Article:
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More than 230,000 Boston residents have no credit score or a low score, the Walsh administration says, as it begins a new effort to boost the scores — and fortunes — of thousands of those city residents.
“A good credit score is crucial in today’s economy, and Boston Builds Credit gives us real tools to continue our work in addressing income inequality and increasing economic mobility for thousands of our residents,” Mayor Marty Walsh said in a statement announcing the program.
The city will seek to boost residents' credit scores through financial education and one-on-one financial coaching, and BBC is partnering with more than 25 nonprofit groups. The program will be launched at the Roxbury Center for Financial Empowerment, and then expand to the neighborhoods of Dorchester and Mattapan.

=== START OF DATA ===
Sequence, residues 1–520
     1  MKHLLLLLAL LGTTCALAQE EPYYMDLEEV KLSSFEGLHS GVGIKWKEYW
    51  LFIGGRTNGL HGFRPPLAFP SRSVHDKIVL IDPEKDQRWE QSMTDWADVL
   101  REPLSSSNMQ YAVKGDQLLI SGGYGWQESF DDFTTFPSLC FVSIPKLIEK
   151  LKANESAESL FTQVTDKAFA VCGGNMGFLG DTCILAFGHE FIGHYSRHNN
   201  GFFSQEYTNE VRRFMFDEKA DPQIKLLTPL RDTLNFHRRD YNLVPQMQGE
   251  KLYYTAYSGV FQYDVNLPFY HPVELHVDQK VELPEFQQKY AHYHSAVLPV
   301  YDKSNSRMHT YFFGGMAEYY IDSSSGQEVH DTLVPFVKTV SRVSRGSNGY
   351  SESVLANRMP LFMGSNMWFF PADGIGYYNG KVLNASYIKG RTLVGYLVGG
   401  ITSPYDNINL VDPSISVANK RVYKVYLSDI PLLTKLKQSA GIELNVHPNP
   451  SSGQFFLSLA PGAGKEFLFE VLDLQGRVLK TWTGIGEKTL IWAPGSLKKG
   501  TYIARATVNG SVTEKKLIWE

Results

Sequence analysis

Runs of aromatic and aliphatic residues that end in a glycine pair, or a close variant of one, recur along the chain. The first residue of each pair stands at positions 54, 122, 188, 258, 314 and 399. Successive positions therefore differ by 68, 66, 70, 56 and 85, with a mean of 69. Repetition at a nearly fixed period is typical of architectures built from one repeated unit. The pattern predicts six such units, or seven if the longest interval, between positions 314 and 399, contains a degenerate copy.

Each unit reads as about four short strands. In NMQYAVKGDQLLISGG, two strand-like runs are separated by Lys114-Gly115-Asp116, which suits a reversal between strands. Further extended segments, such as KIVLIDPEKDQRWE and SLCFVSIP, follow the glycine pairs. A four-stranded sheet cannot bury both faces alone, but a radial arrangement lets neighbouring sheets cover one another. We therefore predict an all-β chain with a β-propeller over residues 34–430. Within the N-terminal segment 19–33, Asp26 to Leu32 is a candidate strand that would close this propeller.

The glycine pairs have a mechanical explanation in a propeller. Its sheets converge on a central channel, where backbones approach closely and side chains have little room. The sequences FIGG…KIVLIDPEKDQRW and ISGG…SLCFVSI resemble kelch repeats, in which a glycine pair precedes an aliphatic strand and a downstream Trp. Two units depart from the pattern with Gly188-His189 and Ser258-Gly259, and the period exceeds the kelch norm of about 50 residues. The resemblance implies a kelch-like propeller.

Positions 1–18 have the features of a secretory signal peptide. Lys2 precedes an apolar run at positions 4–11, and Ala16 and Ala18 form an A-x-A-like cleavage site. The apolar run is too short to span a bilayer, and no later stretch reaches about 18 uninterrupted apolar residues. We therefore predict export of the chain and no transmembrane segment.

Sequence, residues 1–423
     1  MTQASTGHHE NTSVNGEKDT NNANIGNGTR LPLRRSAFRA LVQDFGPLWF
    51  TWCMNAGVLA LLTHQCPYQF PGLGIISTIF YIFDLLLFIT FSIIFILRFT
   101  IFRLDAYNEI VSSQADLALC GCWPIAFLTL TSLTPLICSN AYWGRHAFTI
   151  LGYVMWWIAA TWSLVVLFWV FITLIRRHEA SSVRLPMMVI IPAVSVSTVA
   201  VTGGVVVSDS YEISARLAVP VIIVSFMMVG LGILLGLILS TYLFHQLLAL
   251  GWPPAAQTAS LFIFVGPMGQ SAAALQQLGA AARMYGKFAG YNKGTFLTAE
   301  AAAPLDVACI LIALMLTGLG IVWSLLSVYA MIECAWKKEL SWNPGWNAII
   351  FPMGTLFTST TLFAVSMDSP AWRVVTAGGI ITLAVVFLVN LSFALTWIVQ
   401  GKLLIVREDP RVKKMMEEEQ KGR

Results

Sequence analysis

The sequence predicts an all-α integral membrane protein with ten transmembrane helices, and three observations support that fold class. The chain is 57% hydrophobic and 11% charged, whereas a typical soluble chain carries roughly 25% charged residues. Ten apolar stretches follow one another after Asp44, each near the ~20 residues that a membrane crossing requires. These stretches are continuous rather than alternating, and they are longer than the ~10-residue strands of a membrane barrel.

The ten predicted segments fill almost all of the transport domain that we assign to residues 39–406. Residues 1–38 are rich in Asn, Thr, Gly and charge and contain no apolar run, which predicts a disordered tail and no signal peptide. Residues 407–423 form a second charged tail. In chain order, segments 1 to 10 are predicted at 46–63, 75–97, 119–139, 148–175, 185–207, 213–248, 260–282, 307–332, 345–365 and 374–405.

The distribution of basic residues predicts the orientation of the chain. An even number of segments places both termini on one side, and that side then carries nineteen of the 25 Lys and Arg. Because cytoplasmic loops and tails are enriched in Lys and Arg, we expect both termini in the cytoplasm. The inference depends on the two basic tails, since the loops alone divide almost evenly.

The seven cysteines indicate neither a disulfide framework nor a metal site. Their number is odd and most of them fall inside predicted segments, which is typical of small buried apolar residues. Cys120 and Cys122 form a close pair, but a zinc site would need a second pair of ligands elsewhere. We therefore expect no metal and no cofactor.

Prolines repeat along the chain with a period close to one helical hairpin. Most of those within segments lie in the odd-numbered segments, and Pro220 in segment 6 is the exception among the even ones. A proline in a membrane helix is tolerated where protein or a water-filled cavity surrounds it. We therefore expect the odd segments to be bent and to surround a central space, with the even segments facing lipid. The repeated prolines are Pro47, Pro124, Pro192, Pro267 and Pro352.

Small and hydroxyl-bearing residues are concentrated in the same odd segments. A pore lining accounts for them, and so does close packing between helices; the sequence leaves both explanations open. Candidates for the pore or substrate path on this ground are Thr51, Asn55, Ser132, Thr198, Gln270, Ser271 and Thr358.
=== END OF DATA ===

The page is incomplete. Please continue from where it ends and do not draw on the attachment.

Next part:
The initiative, the statement said, is supported by $2 million in funding from Citi Community Development, Bank of America and partners including United Way and Local Initiatives Support Corporation Boston.
The statement notes that people with no credit score or a low score pay higher interest rates and fees on a variety of everyday financial products, and that a poor score or the lack of one can also affect a person's ability to secure employment.
"Bad credit is a key contributor to the growing wealth divide between Boston's affluent and low- to middle-income residents," the city's BBC website states.
The effort comes from the city's Office of Financial Empowerment, which Walsh launched in 2014 with the aim of closing Boston's wide income gap and teaching wealth-building strategies to poorer residents.
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